Deep Dive:  The key documents in the case.

Scott Horton is a law professor and writer on legal and national security affairs for Harper’s Magazine and The American Lawyer, among other publications.

If you have an interest in the Don Siegelman saga, TPMMuckraker has a many, many posts outlining this disgrace of justice in our nation, a nation of laws except under Bush 43’s DoJ as it turns out.

August 13, 2008

Blackwater facing auditor questions

Filed under: Business, Politics — Tags: , , , , — David Kirkpatrick @ 4:38 pm

Embattled Iraq civilian contractor, Blackwater (read about its misdeeds here) is facing some serious auditing questions after apparently obtaining federal contracts meant for small businesses through creative employee designations. The total of the contracts in dispute is over $100 million.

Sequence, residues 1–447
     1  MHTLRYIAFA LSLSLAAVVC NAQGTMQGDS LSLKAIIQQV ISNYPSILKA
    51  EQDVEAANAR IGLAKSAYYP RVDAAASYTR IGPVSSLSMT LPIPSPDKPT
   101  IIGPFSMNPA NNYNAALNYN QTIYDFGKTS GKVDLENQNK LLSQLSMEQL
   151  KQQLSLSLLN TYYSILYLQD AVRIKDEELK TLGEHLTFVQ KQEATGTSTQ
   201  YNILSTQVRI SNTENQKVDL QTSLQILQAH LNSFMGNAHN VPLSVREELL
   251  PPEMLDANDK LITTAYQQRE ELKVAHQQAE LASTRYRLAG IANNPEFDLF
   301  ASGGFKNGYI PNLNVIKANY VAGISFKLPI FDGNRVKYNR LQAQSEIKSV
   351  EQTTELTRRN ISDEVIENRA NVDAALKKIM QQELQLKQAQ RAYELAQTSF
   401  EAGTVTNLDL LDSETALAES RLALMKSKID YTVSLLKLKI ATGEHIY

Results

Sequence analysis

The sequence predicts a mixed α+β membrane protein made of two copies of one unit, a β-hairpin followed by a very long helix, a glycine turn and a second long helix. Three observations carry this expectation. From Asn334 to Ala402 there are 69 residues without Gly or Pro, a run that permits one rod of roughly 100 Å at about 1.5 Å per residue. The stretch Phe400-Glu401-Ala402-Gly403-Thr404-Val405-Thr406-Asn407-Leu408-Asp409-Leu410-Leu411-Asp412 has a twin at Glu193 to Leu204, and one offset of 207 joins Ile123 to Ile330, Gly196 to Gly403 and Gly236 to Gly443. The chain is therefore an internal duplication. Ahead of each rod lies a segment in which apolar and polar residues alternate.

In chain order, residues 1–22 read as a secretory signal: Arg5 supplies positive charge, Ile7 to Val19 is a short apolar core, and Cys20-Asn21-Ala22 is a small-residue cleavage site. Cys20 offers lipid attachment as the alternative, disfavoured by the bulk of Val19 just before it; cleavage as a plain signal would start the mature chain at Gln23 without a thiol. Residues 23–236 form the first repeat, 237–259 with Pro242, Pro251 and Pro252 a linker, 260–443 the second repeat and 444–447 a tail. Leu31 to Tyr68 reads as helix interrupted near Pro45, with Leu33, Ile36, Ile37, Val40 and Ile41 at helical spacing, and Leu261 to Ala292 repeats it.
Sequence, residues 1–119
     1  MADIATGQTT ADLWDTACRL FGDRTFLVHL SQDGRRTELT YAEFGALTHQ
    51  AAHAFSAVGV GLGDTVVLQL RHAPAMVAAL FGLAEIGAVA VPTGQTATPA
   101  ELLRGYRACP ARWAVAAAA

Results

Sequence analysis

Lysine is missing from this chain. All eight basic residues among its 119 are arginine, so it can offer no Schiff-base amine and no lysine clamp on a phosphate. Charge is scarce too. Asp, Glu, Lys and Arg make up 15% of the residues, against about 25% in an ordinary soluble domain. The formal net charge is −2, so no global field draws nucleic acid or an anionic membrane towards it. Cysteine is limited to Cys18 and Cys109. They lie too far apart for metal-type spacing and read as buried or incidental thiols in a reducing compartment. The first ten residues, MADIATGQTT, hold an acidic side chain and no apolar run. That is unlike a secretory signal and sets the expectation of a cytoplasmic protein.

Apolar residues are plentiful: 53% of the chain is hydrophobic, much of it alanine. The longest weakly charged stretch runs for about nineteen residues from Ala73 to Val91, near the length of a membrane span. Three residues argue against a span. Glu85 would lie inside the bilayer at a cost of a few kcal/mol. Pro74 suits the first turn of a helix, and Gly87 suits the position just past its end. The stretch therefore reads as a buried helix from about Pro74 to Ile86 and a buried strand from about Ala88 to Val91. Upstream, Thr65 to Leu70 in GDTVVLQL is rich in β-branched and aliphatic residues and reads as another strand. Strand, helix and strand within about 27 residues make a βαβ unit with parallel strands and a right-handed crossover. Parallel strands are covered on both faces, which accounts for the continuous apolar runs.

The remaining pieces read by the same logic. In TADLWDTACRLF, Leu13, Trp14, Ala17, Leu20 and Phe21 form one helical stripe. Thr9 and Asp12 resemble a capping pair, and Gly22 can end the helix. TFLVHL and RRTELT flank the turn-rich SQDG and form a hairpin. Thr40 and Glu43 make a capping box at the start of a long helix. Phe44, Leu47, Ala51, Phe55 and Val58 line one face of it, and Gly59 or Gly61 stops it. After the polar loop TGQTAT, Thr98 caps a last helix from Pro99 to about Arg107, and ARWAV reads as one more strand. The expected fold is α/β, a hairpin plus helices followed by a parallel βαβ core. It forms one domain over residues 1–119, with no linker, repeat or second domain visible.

From the AccountantsWorld (second) link:

The companies could have skirted small business size criteria because they counted many workers as independent contractors, not employees, which allowed them to exceed the 1,500-employee ceiling set in some contracts, according to the auditors.

The inspector general’s office found that Blackwater and the other companies’ sizes and revenues may have ”involved misrepresentations,” and suggested that the agency may want to ”determine whether it is appropriate for Blackwater affiliates to continue receiving small business set-aside contracts.”

When rival firms had challenged the 2006 contract for helicopter services to Presidential Airways on grounds that the company was too large, the airline provided data that 28 Blackwater-affiliated entities had a total of only 715 employees.

But the inspector general found that Blackwater had hired more than a thousand independent contractors and treated them as if they were regular employees, with scheduled shifts, for example, which called the size determination into question. The report also said the Small Business Administration should have ”attempted to reconcile discrepancies” in the data Blackwater provided.